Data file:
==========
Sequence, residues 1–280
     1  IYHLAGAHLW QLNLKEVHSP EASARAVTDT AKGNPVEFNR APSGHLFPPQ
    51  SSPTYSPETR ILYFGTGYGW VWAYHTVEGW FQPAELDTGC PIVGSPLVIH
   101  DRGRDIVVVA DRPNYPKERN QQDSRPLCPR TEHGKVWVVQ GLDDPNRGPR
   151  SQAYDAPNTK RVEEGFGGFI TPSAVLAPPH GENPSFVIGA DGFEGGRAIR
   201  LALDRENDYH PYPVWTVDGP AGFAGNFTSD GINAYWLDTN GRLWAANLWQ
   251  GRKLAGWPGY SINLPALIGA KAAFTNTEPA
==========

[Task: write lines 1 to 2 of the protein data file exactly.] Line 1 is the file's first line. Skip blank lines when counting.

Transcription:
Sequence, residues 1–280
     1  IYHLAGAHLW QLNLKEVHSP EASARAVTDT AKGNPVEFNR APSGHLFPPQ